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NEURADA PROCUMBRENS/ Creeping Thorn

Scientific Name: Neurada procumbrens

Local Name: Sa’dan

Common Name: Sand button

 

Botanical Description

Annual with numerous prostrate branches radiating from the base.

Leaves

Oblong, relatively thick with clear midrib, wavy margins and bluntly rounded tip on a 1 cm stalk.

Flowers

Solitary in leaf axils with small 5 petals, white in colour.

Fruits

A distinctive flat disc, rough and spiny above, smooth beneath, becoming woody, remains as collar around base stem of new plants; the spiny discoid fruits cling very easily to fur and clothes or are embedded in shoe soles and feet facilitating seed dispersal.

Flowering

From February to May.

 

Classification

Kingdom: Plantae

Phylum: Tracheophyta

Class: Magnoliopsida

Order: Malvales

Family: Neuradaceae

Genus: Neurada L.

Species: Neurada procumbens L.

 

Habitat and Distribution:

A distinctive low-‐lying annual herb that is adapted to dry, sandy environments, Neurada procumbens has branching stems that lie flat on the ground and dense hairs that give it a wooly appearance. A wide-‐ranging plant occurs from North Africa and the Mediterranean region, across the Middle East to Afghanistan, Pakistan, and northwestern India.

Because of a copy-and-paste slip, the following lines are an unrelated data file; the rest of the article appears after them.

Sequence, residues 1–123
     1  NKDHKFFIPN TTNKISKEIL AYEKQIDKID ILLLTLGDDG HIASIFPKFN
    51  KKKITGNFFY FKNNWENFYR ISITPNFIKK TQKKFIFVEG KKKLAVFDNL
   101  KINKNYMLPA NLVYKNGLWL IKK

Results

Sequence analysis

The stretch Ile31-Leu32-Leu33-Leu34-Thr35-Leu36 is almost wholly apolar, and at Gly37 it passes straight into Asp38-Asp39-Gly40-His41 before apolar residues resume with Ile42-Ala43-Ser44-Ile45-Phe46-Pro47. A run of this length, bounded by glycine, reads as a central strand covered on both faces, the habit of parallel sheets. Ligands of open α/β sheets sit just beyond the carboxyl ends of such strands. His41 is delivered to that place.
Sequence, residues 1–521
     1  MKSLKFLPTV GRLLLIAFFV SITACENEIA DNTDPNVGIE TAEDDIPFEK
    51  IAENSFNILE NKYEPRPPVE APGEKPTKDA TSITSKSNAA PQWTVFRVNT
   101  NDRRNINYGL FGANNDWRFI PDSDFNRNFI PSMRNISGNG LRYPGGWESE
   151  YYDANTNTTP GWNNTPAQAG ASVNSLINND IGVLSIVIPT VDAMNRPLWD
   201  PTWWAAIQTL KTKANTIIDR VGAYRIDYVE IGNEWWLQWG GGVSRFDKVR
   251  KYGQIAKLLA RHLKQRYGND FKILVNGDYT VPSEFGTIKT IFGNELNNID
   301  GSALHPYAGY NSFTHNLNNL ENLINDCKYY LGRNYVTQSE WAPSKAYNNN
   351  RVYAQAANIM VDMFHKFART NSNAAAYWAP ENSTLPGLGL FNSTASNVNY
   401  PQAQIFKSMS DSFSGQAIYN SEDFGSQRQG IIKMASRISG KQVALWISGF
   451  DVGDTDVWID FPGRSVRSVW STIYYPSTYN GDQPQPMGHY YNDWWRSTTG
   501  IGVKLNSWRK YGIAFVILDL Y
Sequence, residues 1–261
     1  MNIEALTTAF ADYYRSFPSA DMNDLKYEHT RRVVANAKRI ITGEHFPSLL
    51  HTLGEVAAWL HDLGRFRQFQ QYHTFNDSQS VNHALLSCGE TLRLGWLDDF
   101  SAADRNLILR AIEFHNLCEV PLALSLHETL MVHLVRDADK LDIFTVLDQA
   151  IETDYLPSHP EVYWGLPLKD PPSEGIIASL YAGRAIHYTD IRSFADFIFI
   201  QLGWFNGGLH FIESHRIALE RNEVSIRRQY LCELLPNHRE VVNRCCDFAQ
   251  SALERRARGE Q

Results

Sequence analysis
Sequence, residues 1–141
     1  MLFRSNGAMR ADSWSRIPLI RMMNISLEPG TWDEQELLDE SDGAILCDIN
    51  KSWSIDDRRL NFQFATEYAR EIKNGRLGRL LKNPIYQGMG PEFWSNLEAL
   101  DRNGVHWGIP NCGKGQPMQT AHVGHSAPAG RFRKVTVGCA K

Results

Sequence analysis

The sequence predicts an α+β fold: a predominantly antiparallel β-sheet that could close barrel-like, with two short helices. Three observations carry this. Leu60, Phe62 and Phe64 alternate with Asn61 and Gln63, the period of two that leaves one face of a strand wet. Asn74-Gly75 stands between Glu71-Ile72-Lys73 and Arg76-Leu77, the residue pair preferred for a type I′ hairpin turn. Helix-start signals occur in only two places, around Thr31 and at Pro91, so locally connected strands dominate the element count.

Parts Used:

Aerial parts and fruit heads

 

Traditional and Medicinal Use:

Medical uses for increasing blood pressure and hair growth. Young fruit used to be eaten by Bedouins. In addition, dried powder of the whole plant was given with milk or water early in the morning to the patient suffering from heat stroke. It is also a good tonic plant. Grazing is locally believed to produce the best milk. (Milk and yoghurt were some of the essential items in Bedouin diet, together with rice, dates, coffee and meat from their animals.)

Young fruits used to be eaten by Bedouins.

 

Adaptation:

It adapted to the desert climate with its leaves covered by white hair to reflect sun and its spiky fruit that gets easily attached to animal fur and can reach remote areas.